Well the news of the day is the UK is leaving the EU. Yesterday the citizens of the United Kingdom voted in a historic referendum to leave the European Union. The immediate response has been profound. Prime Minister Cameron resigned. The international stock markets have plummeted, with the FTSE declining 8% in early trading. The NYSE dropped 400 points in its first hour of trading. The pound sterling has dropped in early trading to its lowest rate against the dollar since 1985 ($1.3236). The divorce from the EU will take two years and the negotiations will be a huge challenge. Perhaps the greatest challenge the EU has faced since its formation. We do not know the economic outcome of Brexit, but I believe this event will be studied for years to come. Debates will ensue on how individual governments should respond, and how their responses affect the long-range economic outcomes. Below are several economics lessons.
1. Will the EU countries retaliate with stricter trading agreements? The EU needs favorable trade with the UK, but may fear other countries leaving if the deal is too good. What will the economic consequences be? President Obama suggested that leaving the EU would place the UK on a lower trading level than the EU in campaigning for remaining in the EU before the election. The Leave advocates believe the two year divorce will allow the markets to settle and enable the UK to negotiate favorable deals – perhaps more favorable than exist today.
2. How will Brexit impact employment? Economic growth fuels employment. It will be very interesting to see how the economy responds. Will strained trading relationships slow the economy? If so, then unemployment should increase. Can savings from money paid to the EU (supporters of Leave use the figure of 350 million pounds a week) be sufficient to bolster the economy as the Leave supporters say?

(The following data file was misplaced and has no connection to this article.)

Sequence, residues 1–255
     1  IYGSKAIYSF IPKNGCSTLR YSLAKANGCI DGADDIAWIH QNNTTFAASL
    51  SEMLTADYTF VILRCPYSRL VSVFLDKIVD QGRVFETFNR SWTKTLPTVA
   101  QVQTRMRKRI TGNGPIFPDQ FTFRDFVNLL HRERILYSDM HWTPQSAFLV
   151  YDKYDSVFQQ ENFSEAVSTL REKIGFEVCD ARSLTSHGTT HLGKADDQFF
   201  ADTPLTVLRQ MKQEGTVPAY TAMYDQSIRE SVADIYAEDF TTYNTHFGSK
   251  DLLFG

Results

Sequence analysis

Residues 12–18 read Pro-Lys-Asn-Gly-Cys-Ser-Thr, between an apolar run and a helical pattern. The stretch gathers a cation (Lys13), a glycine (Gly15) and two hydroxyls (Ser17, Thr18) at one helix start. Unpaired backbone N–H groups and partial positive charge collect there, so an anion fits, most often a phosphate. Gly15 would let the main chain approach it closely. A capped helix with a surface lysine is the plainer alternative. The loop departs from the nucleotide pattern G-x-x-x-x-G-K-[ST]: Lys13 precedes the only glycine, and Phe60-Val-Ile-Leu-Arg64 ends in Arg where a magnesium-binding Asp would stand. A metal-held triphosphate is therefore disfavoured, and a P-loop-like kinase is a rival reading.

3. Another lesson relates to currency values. The pound has been falling in anticipation of Brexit and was down considerably this morning when the markets opened. The Greeks fear the loss of tourist revenues as it becomes increasingly expensive for the British to visit Greece because of the value of the pound vs the euro. Spain is also a popular destination for British pensioners and tourists. Brexit should also boost the value to the dollar. How will the US economy be affected? The strength of the dollar and weakening demand will hurt exports.
4. What will happen to the UK's balance of trade? Many international companies may be more likely to invest in an EU country if it wants access to the EU. Yet the UK must attract investment to help balance its trade. How much will the pound sterling need to drop to attract those investors?
5. How will Brexit affect interest rates? The Bank of England may lower its rate to zero in fear of a recession. However, doing so may dissuade investors from buying the pound sterling, which will hurt the UK's balance of trade.
6. Then there are the microeconomics lessons. How will Brexit impact specific industries? Experts believe the financial industry will be one of the hardest hit. Arguably, London has been the cornerstone of European finance. Banks may lose significant business following Brexit. This concern is reflected in early trading of the financial stocks. Barclays and RBS dropped approximately 30%.
7. Real estate values may drop because the demand for high-end real estate may fall. Wealthy foreign investors have been active in the London real estate market. They have contributed to bidding up real estate values. Will the uncertainty of the UK's economy and the pound sterling depress real estate values? If so, how wide-spread will the lower prices be? Will a drop in real estate values be felt in rural areas outside of London? How long will real estate prices remain low?
The UK's future economy is tied to the strength of its negotiations. The Leave contingent believe trade deals will be negotiated that strengthen the UK's position, thereby minimizing the economic consequences. I certainly hope they are right because it will diminish the fallout from leaving the European Union. Eventually, the most valuable lesson of all will be that the markets balance each other out, and in the end the UK will again thrive. The question is how long will that take?